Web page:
Height Gauge Depth Arm

In the shop I have a 2 beam dial height gauge that I use a lot for measuring and general layout work.  As far as measuring equipment, it is my favourite tool to use, even though I would want a micrometer and a caliper before a height gauge.  Once you get one you’ll wonder how you got by without one.

Most height gauges come with a tool for measuring flat surfaces, and for scribing.  To get the most out of the gauge you need a depth arm – basically a pin in an arm, for measuring depths.  I needed one to measure up a motor face so I can get a 3 phase motor mounted on my lathe – one of those projects to complete a project sort of deals.  I decided to make one up instead of buying it:

I made most of the arm on the shaper and used a gift from Max over at the Joy of Precision to bore the hole for the pin.  The boring head Max made is the star of this show.  It is the perfect size for the mini mill.  It is one of the best designs for a small boring head I’ve seen, and used.  The adjusting dial is a tad small but once you get a feel for it adjusting it is easy.  It’s also great because you can bore small holes – saving you from buying a lot of reamers.

The pin was turned between centers and was within .0004″ over the length – something I was very happy with.  The deviation was in the centre of the pin.  The pin sprung between centres a bit when I was cutting – aside from using a traveling steady there isn’t much you can do here about that.  The beginning diameter and end diameter were essentially the same within .0001.  I probably didn’t need  that much precision but I wanted to dial in my tailstock anyway.  At the end of the pin you can screw in standard dial indicator ends using a #4-48 thread.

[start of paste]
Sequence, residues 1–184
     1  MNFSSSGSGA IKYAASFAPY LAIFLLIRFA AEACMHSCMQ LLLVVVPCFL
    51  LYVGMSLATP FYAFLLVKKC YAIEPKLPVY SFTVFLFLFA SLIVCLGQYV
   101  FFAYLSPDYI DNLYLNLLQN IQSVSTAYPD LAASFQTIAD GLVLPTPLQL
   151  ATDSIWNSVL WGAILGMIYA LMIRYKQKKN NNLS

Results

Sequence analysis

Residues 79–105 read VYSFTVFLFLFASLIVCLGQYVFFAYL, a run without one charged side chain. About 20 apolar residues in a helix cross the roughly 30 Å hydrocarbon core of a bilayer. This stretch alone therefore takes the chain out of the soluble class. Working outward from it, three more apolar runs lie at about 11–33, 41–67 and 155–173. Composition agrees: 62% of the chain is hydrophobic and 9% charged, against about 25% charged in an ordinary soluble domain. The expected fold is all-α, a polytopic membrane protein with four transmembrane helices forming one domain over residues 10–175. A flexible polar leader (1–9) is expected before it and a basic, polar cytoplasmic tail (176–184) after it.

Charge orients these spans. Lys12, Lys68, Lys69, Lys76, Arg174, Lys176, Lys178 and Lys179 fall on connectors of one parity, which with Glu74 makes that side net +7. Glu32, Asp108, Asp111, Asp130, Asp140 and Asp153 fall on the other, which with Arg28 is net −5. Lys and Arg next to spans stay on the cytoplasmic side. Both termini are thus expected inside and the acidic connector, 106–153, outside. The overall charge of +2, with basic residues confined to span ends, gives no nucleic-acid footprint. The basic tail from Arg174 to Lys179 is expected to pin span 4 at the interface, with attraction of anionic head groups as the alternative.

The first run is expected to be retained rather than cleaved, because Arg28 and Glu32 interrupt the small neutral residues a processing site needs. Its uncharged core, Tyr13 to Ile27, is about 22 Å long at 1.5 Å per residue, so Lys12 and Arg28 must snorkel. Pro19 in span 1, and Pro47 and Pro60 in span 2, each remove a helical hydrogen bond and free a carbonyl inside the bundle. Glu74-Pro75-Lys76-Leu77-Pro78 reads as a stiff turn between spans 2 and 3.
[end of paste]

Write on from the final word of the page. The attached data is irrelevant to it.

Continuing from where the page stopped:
I made the screw out of brass because it looks nice, and doesn’t mar the pin.  I usually don’t turn that much brass so I was reminded how easy it is to work with.

Here is the drawing for the height gauge arm.  I will be sharing all the projects in Fusion at some point and I’ll post a link.

Height Gauge Arm (Revision 01)

If you are looking to get a height gauge, do yourself a favor and go a dial one instead of a digital one.  Even though the dial on mine is graduated to .001″, you can actually measure much closer in the home shop with it.  Notice I didn’t say in the shop – in a professional environment I get that you need hard numbers and ‘guessing’ at the measurement is very poor practice.  Verniers are also good but I find them slow – probably because I don’t have enough practice.

Every tool was used

I’ve been very busy lately outside of the shop on coursework so I haven’t had a lot of time in the shop this week.  I’ve managed to get some time in the shop making 4 more brackets for my friend’s Audi S4 antics:

s4brackets

The brackets are made out of 1018 cold rolled steel.  What I really liked about this project is everyone of my powered machine tools (bandsaw, shaper, lathe, mill, belt sander, bench grinder!) was used.  The method went something like this:

  • Cut to size on the bandsaw
  • Face and machine to thickness on the shaper
  • Square up on the mill
  • Drill the holes and start tapping on the mill (finish up by hand)
  • Cut the large radius in the lathe using a face plate setup (I used a hacksaw first to remove most of the material!)
  • Cut the outside profile on the bandsaw
  • Add the profile radii on the belt sander
  • And of course, sharpening all the tools on the bench grinder and / or belt sander

It was the first job I really put my newly acquired 7″ Ammco Shaper to work.

ammcoshaper

The shaper worked great, and it was really nice to just let the little machine work away while I was drilling on the mill.  Would I trade my mill for a shaper?  No, probably not, but the little shaper is a pretty useful tool.  It did a very good job on finishing the 1018, which can be really gummy at times with poor chip control.  I used a 1/4 HSS turning tool with a small stepper over for roughing and finishing.  Roughing used a depth of cut of about .020″, which I though was fairly respectable given the 1/3 hp motor powering the little shaper.  I’ll be posting some more details on the HSS tool geometry I used soon.